Bleeding Gums Treatment
Gum disease is known as periodontal disease. it is a chronic bacterial infection around the tooth that affects the gums and bone. Bleeding gums; a symptom of gum disease.
Are you experiencing bleeding gums?
Gum bleeding is usually the first sign of gum diseases. You may find your gums bleeding during brushing, flossing or even eating hard food. Other clinical signs/symptoms of gum disease include:
- Red and swollen gums
- Bleeding during brushing, flossing and eating hard food
- Shaky teeth
- Persistent bad breath
It can occur on one particular tooth or many teeth. If left untreated, this can result in bleeding gums, bad breath, shaky teeth, and eventual tooth loss. There have been studies that link gum disease to an increased risk of heart disease, stroke, and osteoporosis. Pregnant women with gum disease have a higher risk of miscarriage and premature birth. If you experience any of these symptoms visit your dentist.
Gingivitis – Inflammation of the Gums
Plaque causes the gums to become red, swollen and bleed easily. There is usually no pain at this stage. It is caused by inadequate oral hygiene, and is reversible with professional treatment and following good oral hygiene practices at home. When gingivitis is left untreated, it can lead to periodontitis. Toxins produced by the bacteria in plaque irritate the gums. The toxins cause a chronic inflammatory response in which the body turns on itself, thus, destroying the tissues and bones that support the teeth.
Gums separate from the teeth, forming pockets (spaces between the teeth and gums). As the disease progresses, the pockets deepen, and more gum tissue and bone are destroyed. Eventually, teeth become shaky and have to be removed. Learn more about gingivitis here.
Periodontal disease is a chronic bacterial infection that affects the gums and bones around the teeth. It can affect one tooth or many teeth. It begins when the bacteria in plaque (sticky substance that constantly forms on your teeth) causes your gums to be inflamed.
Who is a Periodontist?
A periodontist is a dentist who specialises in the prevention, diagnosis, and treatment of gum disease. They receive extensive education and training in these areas and are familiar with the latest techniques for diagnosing and treating gum disease. Periodontists often treat more problematic cases, such as those with severe gum disease or complex medical history. They offer a wide range of treatments, such as scaling, root planing and root surface debridement. Root planing is when the infected surface of the root is cleaned. On the other hand, root surface debridement refers to when damaged tissue is removed. The periodontist may also provide a range of surgical procedures which may be necessary for patients with severe gum problems.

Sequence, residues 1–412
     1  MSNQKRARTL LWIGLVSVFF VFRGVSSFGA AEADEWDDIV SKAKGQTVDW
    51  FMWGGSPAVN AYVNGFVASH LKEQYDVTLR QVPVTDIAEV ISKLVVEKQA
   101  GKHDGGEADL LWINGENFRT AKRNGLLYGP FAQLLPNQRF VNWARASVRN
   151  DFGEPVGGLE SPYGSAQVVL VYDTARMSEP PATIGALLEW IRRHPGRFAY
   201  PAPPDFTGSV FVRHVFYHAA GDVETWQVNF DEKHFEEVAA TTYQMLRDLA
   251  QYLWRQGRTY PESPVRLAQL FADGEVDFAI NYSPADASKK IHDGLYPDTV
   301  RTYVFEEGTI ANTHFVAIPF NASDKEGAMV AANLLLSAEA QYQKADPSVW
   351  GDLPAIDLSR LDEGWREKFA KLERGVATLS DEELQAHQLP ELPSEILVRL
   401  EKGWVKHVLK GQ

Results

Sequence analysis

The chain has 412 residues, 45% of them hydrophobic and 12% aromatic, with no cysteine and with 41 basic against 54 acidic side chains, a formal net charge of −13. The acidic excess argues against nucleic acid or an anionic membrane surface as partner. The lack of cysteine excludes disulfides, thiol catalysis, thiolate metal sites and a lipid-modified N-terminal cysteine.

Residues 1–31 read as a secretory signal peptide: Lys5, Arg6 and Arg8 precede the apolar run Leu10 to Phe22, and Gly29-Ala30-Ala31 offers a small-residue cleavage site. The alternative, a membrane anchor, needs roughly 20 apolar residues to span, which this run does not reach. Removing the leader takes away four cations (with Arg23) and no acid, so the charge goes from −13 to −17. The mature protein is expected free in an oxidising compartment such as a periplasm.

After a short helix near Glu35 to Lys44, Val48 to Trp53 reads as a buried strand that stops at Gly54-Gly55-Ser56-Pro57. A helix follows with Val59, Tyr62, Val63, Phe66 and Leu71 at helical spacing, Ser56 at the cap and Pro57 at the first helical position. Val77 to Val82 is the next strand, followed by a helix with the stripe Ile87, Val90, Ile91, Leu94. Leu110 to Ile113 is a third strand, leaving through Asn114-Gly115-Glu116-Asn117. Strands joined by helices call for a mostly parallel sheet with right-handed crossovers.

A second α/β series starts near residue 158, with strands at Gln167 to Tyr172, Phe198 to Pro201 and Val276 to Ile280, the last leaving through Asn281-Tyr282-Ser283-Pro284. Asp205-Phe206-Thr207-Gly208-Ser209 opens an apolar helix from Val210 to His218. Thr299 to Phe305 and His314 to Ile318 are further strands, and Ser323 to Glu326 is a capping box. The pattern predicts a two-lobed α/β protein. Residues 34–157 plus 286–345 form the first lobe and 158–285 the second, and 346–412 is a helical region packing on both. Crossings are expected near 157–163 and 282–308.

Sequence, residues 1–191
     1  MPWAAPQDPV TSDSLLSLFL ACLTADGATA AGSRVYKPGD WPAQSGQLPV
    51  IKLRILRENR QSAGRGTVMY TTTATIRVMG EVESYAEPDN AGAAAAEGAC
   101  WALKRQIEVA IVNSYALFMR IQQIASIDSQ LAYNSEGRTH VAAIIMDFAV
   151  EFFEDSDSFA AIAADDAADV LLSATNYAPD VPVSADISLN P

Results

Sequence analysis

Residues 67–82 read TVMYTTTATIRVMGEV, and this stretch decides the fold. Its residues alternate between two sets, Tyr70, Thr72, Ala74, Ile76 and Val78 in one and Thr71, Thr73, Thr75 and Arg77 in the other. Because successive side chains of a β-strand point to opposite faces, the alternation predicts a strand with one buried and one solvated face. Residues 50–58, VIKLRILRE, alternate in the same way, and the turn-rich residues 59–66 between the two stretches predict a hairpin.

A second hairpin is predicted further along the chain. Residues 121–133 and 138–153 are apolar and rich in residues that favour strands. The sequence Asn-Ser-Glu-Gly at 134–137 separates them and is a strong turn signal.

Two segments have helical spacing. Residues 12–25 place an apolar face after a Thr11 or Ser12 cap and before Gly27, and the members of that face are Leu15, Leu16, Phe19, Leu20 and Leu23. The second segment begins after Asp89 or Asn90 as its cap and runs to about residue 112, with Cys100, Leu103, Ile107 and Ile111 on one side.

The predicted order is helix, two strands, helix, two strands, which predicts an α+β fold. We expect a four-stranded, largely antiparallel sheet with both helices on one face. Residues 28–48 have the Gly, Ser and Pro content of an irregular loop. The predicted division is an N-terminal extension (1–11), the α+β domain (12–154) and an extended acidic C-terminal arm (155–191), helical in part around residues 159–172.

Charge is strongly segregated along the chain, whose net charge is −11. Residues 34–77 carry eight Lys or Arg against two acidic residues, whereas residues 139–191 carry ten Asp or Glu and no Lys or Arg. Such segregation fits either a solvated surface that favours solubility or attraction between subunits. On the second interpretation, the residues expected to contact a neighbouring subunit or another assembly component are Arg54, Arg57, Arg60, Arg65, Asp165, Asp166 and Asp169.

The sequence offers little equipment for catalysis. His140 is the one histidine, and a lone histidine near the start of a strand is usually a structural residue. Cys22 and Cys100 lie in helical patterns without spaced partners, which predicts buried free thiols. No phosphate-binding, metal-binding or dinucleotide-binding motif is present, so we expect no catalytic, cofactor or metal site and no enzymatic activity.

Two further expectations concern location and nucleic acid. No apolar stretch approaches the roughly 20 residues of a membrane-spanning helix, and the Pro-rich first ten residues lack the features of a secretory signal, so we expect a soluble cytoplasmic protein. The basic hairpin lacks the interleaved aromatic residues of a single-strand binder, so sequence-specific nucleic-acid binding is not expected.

Who Should See a Periodontist?
For some, a visit to a general dentist will suffice. However, as more and more patients are exhibiting signs of periodontal disease, coupled with research that suggests a relationship between periodontal disease and other chronic diseases of ageing, periodontal treatment may necessitate a greater understanding and increased level of expertise by a trained specialist. It is best for patients with more severe levels of periodontal disease or with more complex cases to be managed by a partnership between the dentist and periodontist.
Non-surgical Treatments for Gum Disease
Professional Dental Cleaning
During a regular dental check-up, your dentist removes plaque and tartar that build up and harden on the tooth surface. The process of professional dental cleaning helps to remove plaque and tartar from above and below the gum line of all your teeth.
Scaling and Root Planing
Done under a local anaesthetic, this non-surgical deep-cleaning procedure scraps away plaque and tartar from above and below the gum line. In order to help remove bacteria, rough spots on the tooth root are also smoothed. This provides a clean surface for the gums to reattach to the teeth.
Antibiotics may be prescribed either in combination with surgery and other therapies or alone. Antibiotics help in reducing or temporarily killing the bacteria that cause gum infections. They also prevent the destruction of the tooth’s attachment to the bone.
Benefits and Consequences
Periodontal therapy advantages
What are the consequences of gum disease?
Untreated gum diseases lead to tooth loss and halitosis (bad breath). It can also increase your risks for heart disease, blood clot, stroke, and osteoporosis. Bleeding gums can affect your immune system. Pregnant women with gum disease have a higher risk of miscarriage and premature birth.
How to take care of your gums after treatment
How can we prevent gum disease?
Proper daily toothbrushing twice a day and flossing at least once a day is important to prevent gum diseases.
Regular dental visits for professional cleaning once every 6 months is also necessary to remove tartar and to better clean those areas that you may have missed. This regular visit can help prevent gum & oral disease.
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